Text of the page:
BRADENTON -- Brand new bicycles and big plastic bags of presents were parked and piled everywhere around Rowlett Magnet Elementary’s administration building.
Even the principal’s office.
“I feel like one of Santa’s elves surrounded by all these toys,” said a grinning Brian Flynn.
“They’re stashed everywhere -- even in our garages,” said Beth Grogan, standing nearby.
Not for long, thanks to the school’s “Mittens Program: Warm up the Holidays.”
It’s a donations-driven volunteer project that will make sure 32 needy Rowlett families and 130-plus children -- students and siblings -- have a merry Christmas.
“Over the last couple of years we’ve seen the increase in the number of people needing help during the holiday season,” Flynn said. “We’re just very fortunate as a school to have many parents who can help other people as well.”
Parents like Grogan and Lori Bower.
“Other parents helped out, but they were the leaders,” he said. “It took some coordination.”
The idea for the project occurred a year ago.
As children will do after they return to school after holidays, they talk with classmates about what they got for Christmas.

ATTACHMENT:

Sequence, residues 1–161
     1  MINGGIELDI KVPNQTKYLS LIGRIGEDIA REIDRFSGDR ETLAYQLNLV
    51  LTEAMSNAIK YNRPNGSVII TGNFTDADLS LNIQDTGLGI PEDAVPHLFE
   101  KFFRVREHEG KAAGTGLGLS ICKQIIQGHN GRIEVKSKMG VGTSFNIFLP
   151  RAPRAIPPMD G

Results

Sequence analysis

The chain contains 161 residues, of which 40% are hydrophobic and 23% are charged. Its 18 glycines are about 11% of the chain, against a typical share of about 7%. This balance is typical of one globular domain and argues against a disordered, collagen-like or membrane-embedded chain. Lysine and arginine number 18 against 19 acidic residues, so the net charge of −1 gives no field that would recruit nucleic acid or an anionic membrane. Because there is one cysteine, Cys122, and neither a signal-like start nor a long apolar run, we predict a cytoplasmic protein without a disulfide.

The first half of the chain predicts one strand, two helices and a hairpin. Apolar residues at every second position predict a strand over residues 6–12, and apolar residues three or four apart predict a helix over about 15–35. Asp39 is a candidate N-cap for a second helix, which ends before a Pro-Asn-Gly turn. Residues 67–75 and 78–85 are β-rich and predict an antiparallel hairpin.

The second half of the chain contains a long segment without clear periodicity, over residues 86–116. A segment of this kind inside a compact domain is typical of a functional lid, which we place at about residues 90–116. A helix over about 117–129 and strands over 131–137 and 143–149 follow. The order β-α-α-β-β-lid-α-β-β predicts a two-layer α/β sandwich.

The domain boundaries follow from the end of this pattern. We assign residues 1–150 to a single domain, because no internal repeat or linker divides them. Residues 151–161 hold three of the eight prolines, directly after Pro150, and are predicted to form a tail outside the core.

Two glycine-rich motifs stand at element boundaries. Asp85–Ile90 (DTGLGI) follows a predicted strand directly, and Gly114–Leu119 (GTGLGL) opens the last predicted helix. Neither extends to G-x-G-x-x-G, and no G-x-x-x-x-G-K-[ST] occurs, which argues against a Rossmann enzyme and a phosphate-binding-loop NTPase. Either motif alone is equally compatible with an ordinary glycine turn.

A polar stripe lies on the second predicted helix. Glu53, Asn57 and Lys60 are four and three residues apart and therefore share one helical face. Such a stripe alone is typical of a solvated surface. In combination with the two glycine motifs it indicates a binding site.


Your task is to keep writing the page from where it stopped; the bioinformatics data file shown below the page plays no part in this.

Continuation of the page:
One of Grogan’s daughters related how a classmate said he’d gotten nothing.
“We realized because things are tough, not everybody is able to do something for their own children,’ Grogan said. “So we wanted to make sure it happened for kids we have connections to.”
Hence the Mittens Program.
The two moms sent teachers e-mails to be aware of families who might be having a hard time and need help for Christmas.
Said Bower, “We compiled a list from them, then worked closely with office staff and sent a note home, connecting with the parents.”
Said Grogan, “We told them we’d like to offer our assistance to make this a great Christmas for their children. We asked for specific information -- clothes sizes, shoe sizes, things on their child’s wish list -- so we could make those wishes come true.”
The gift ideas were printed on paper mitten cutouts, then pinned to a bulletin board for teachers, staff and parents to take.
Those mittens turned into more than 500 gifts.
Bikes and bike helmets were big, followed by trucks, dolls, puzzles and art supplies.
Each child also received a warm outfit and families got gift cards for food and necessities, too.
“We have families who adopted entire families, and we’ve had people come by and singly do what they could,” Grogan said. “The generosity of the families and staff here has been overwhelming.”
Parents of those 32 families picked up the gifts this past week, and the two women can only imagine the anticipation building in those homes.
“We’re just hoping they wait for Santa and the magic of opening presents on Christmas morning,” Bower said.